Bright Young Things: Andrea Tomberg

Our series profiling the next generation of antiquarian booksellers continues today with Andrea Tomberg, proprietor of Tomberg Rare Books in Greenwich, Connecticut:

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NP: How did you get started in rare books?

AT: My first job after graduating from the University of Michigan was in a New York literary agency.  Although I loved the idea of the job, I couldn't get accustomed to sitting behind a desk all day.  After a year, I returned to school to study for my masters in education. I taught elementary school and also received my post-masters degree in literacy so I could focus on teaching reading and writing.   After my son was born, I "retired," and focused on book collecting and studying the trade.  I frequented estate sales and volunteered as a "pricer" for my local library's book sales, which allowed me to handle a wide variety of books in varying conditions.  

NP: When did you open Tomberg Rare Books and what do you specialize in?

AT: I established my business in August 2011 after attending the Colorado Antiquarian Book Seminar on scholarship.  I had been selling a variety of books that I picked up at sales and was in need of a more formal education in the trade and some camaraderie among fellow booksellers.  After a compact week full of knowledge, I returned home and established Tomberg Rare Books.  I have a particular interest in the mimeo revolution, the Beats, The New York School, poetry and the 20th century avant-garde.  I am also interested in the art and music scenes from the 70s, 80s, 90s, especially in New York.  My goal is to become more curatorial in nature with the idea of putting together specific collections to offer for sale.

NP: Favorite or most interesting book (or etc) that you've handled?

AT: I had the opportunity to buy a small archive of The Kitchen, an alternative artist space started in the early 1970's.  With an assortment of fliers, photos, announcements and press releases relating to different artists and various mediums, I have a great opportunity for research in an area and time period that I am interested in.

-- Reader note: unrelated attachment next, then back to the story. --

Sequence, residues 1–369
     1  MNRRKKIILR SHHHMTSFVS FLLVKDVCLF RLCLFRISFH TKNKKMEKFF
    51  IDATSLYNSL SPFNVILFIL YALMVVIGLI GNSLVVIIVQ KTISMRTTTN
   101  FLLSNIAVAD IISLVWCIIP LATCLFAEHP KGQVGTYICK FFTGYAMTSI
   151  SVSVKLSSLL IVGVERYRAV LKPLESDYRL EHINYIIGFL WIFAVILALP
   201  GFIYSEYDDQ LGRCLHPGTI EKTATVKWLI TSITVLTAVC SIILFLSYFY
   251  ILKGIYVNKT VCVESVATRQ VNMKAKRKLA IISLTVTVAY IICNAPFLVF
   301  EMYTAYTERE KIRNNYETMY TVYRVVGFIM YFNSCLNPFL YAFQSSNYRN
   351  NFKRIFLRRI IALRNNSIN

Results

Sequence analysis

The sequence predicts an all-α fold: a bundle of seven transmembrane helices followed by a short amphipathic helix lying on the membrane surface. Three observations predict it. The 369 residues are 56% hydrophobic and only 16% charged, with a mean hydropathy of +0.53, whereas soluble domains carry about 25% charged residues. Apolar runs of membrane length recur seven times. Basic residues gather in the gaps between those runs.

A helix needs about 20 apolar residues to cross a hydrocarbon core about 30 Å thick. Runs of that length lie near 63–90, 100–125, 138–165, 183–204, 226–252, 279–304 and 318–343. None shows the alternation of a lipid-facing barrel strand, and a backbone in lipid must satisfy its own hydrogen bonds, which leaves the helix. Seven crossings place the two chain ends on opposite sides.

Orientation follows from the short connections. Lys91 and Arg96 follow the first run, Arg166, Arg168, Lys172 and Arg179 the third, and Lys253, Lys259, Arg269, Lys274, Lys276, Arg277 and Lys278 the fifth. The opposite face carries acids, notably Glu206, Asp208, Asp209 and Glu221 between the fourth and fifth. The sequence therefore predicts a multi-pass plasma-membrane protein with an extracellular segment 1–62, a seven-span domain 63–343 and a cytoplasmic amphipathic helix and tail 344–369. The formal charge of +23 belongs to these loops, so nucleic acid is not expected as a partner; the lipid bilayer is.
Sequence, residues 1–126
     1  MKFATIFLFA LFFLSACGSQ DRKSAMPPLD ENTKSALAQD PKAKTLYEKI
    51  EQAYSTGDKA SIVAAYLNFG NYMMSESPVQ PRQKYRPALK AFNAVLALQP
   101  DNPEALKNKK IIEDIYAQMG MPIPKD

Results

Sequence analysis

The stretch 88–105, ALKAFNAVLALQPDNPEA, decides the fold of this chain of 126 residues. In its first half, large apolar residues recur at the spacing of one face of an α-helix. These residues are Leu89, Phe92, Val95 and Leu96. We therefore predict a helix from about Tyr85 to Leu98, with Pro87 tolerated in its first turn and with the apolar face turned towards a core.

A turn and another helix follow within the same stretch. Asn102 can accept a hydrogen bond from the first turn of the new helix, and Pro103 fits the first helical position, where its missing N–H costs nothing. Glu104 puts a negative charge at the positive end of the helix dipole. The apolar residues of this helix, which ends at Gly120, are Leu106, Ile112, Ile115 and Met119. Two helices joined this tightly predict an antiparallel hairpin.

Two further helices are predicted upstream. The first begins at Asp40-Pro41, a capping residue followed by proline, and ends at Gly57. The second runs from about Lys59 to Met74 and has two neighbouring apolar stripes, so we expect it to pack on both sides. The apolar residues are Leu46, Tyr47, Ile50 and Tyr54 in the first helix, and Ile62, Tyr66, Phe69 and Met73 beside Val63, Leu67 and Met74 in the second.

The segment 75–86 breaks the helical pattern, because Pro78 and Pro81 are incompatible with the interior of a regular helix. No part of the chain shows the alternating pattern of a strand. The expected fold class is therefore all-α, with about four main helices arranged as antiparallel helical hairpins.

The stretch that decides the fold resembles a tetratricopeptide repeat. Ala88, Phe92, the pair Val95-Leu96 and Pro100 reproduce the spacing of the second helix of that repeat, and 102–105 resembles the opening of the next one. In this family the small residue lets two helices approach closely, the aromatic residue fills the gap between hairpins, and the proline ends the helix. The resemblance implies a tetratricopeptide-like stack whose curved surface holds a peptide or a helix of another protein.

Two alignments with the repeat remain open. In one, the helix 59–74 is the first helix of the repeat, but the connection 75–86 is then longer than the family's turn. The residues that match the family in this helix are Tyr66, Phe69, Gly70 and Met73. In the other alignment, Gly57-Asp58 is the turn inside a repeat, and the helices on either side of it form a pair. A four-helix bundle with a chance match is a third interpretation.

NP: How did you first big fair go?

AT: I had the opportunity to work for Bill Schaberg of Athena Books during this year's New York ABAA fair. He is a true master of the trade.  I watched Bill connect with customers and colleagues with a rare grace.  His level of professionalism and expertise is something I hope to achieve one day.  The book fair was a truly unbelievable experience.  The range and variety of materials demonstrates how wonderfully diverse the book trade is - and that there is always room to find your niche.

NP: What do you personally collect?

AT: I have a small Hunter Thompson and Tom Wolfe collection but the majority of books in my personal library are books on books, bookseller memoirs and books on the history of bookselling.  I also have many reference materials, bibliographies and enjoy collecting other booksellers' catalogues.

NP: What do you love about the book trade?

AT: What I love about the book trade is that it allows me to follow my own interests and curiosities in a professional way.  I continue to learn about the trade and best practices through my relationships with other dealers.  There is such a luxury and freedom in being able to follow my own path. There are no dull moments.  I have met so many generous and supportive dealers whom have selflessly offered advice, wisdom and knowledge.

NP: Thoughts on the future of the book trade?

AT: The book trade has a very definite future.  As our idea of the book evolves with today's technology, collecting habits will change with it.  New book dealers will have the opportunity to discover new areas of collecting and possibly different types of items that better represent the current culture. In studying the decades of the 70s, 80s, and 90s, it is obvious what an important role ephemera has taken - punk rock flyers, zines, and artist catalogues became the main sources for primary information.

NP: Tell us about the contents of your first catalogue and how to obtain a copy:

AT: My first catalog is now available to download as a PDF from my website. Readers interested in obtaining a printed copy can email me at or call (203) 223-5412.  Some highlights include: Ted Berrigan's Living with Chris, William Burrough"s Valentine's Day Reading, a complete set of Locus Solus, a Bob Dylan artists' book, John Sinclair's 1974 Michigan Marijuana Initiative, a few signed Ed Sanders, FY: A magazine of the arts, some small press ephemera, and the uncorrected page proof of the first edition of Fear and Loathing In Las Vegas.  Also included are signed women's poetry and artists' magazines.